Today I made a batch of laundry detergent and fabric softener. I snuck in a few drops of essential oils and I think I may have found the answer. I'm waiting for the first load to come out of the dryer to see how it worked. Judging from the aroma in the utility room, I'm golden!

So . . . first goal for 2012 - by the end of the year I want to be making the majority of my own cleaning products. Here's the recipe from my friend Tara for laundry and dishwasher detergent:

Laundry soap:
2 cups Borax
2 cups Washing Soda
2 bars of Fels Naptha (some use other brands like dove, Irish spring however this brand is for stains)
86 loads

(I used Ivory. I shredded it in my food processor and then added the Borax and Washing Soda and mixed it all up. My food processor is really clean now.)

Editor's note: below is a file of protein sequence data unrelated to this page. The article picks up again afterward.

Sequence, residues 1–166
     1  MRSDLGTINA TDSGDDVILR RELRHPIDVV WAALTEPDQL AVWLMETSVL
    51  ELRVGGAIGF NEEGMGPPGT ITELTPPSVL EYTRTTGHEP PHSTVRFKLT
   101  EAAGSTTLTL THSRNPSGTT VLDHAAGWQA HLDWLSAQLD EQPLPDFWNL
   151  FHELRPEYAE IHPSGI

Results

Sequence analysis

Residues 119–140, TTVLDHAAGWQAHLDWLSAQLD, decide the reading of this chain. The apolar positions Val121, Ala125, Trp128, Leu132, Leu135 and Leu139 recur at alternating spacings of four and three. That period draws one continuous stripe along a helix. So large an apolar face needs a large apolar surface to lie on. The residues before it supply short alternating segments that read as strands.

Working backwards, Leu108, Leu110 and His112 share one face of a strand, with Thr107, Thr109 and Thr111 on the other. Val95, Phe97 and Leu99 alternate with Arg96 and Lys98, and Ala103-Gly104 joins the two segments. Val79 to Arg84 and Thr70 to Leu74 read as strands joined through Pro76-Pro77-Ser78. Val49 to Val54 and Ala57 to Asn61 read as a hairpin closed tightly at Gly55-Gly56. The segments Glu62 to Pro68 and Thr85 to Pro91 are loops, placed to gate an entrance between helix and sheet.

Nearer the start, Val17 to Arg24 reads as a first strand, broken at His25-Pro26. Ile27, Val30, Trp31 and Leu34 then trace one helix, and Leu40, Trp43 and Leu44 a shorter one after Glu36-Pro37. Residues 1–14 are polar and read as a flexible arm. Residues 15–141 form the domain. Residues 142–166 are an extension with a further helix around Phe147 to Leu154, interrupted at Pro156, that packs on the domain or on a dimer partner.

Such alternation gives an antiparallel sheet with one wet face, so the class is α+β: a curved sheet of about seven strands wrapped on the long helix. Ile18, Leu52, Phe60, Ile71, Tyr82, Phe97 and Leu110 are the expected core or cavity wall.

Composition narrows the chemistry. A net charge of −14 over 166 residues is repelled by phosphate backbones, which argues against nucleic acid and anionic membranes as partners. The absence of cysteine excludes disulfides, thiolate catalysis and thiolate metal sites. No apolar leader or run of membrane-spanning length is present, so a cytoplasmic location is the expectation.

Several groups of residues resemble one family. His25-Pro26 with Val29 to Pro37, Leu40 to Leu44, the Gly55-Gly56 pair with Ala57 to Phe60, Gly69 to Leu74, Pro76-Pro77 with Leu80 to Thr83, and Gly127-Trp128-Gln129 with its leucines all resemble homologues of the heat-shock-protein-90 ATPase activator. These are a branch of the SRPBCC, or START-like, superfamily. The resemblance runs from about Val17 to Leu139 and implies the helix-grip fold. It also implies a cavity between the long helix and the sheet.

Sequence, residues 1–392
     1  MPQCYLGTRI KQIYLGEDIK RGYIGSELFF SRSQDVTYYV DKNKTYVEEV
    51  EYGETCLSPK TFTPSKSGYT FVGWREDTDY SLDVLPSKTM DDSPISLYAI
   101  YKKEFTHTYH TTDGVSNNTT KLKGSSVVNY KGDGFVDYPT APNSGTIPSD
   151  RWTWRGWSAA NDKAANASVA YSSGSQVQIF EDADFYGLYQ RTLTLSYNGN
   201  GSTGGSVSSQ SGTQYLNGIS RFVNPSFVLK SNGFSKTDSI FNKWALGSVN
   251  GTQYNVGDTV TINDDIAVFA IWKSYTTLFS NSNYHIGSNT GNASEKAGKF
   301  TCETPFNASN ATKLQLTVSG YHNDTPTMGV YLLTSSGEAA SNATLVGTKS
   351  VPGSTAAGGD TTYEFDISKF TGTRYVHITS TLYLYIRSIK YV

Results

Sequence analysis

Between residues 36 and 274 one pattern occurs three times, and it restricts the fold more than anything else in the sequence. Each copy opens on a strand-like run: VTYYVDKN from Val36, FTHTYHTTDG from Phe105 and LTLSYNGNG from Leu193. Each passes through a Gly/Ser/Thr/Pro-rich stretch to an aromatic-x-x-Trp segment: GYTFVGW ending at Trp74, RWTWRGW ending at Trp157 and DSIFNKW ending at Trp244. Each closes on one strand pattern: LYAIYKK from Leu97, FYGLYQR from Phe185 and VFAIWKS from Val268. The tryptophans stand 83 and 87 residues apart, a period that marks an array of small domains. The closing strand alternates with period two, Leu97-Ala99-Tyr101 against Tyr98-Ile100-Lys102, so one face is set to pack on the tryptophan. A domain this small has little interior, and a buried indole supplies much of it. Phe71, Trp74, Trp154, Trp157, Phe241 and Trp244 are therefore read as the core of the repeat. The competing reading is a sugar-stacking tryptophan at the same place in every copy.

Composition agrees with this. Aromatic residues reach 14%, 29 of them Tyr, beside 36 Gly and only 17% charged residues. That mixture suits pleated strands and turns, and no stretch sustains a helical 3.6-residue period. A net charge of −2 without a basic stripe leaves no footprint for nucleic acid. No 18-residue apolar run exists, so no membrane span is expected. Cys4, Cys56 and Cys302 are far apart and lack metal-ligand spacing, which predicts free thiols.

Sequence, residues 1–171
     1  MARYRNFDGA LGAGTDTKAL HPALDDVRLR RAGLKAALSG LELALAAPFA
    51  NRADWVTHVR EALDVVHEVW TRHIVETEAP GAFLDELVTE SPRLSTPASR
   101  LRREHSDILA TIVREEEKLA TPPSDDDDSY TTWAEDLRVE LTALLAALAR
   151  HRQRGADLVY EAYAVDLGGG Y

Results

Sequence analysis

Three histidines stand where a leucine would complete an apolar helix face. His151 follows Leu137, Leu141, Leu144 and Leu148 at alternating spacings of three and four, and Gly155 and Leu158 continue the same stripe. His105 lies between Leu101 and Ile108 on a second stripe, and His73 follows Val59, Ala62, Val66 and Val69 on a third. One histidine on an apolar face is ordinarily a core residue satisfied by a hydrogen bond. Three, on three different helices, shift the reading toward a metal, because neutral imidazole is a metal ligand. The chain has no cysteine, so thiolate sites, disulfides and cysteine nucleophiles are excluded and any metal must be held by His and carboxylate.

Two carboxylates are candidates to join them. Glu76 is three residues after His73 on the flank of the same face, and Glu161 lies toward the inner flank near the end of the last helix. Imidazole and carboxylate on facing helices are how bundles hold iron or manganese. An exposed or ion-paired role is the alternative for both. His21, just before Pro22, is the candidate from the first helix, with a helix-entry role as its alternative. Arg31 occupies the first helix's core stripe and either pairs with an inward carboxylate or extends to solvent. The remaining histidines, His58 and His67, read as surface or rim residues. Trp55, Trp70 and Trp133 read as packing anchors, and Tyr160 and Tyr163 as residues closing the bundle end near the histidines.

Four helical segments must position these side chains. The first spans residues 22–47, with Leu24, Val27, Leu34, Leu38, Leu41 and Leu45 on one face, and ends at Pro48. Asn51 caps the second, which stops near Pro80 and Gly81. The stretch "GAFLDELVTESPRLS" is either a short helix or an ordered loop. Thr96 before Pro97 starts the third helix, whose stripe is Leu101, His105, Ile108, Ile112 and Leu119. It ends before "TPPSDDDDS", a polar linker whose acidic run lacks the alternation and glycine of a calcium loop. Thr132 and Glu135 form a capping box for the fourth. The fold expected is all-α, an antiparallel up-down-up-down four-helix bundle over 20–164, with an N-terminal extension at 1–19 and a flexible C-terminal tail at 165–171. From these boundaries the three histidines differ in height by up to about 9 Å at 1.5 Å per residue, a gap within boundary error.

Dishwashing soap:
2 cups Borax
2 cups Washing Soda
2 cups Lemi Shine
1 cup Kosher salt
112 loads

(I didn't add the Lemi Shine, I used vinegar in the rinse cycle.)

1 tbls per load and all ingredients can be found in the laundry and dish soap sections.

And here's a recipe that I found for fabric softener:

Recipe #3

2 cups vinegar
1 cup baking soda
2 cups water
Essential oils (optional)
Instructions: In a large container, mix together your vinegar and baking soda. As you add the vinegar, your mixture will start to fizz, so make sure your mixing container is at least twice as large as the final volume. Let your mixture sit for a few minutes, allowing the baking soda to dissolve. Now add your water and essential oil (around 10 to 15 drops should do).